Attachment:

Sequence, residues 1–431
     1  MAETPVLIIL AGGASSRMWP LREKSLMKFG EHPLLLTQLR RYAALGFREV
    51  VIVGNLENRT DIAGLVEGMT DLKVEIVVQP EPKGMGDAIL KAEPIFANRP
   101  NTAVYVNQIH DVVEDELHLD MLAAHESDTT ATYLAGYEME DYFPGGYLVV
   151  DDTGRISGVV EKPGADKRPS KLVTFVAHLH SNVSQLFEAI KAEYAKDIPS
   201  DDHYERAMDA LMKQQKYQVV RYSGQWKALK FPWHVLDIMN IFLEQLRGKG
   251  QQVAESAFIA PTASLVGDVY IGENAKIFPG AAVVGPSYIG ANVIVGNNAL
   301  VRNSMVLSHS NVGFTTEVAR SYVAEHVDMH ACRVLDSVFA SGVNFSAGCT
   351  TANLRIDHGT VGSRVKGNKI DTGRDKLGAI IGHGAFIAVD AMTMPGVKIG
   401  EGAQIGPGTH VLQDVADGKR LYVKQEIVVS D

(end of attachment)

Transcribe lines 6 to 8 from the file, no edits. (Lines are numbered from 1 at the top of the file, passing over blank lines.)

   201  DDHYERAMDA LMKQQKYQVV RYSGQWKALK FPWHVLDIMN IFLEQLRGKG
   251  QQVAESAFIA PTASLVGDVY IGENAKIFPG AAVVGPSYIG ANVIVGNNAL
   301  VRNSMVLSHS NVGFTTEVAR SYVAEHVDMH ACRVLDSVFA SGVNFSAGCT